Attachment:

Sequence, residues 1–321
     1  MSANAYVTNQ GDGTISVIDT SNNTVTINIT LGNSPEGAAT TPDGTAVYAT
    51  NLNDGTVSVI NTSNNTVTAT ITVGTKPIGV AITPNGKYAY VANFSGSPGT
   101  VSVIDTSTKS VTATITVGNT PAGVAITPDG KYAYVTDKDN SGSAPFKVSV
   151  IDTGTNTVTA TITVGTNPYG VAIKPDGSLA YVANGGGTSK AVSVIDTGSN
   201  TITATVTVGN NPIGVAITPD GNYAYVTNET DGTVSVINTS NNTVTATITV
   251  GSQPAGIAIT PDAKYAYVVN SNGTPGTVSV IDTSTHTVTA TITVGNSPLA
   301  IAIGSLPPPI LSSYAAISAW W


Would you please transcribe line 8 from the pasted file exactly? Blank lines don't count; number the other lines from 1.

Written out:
   301  IAIGSLPPPI LSSYAAISAW W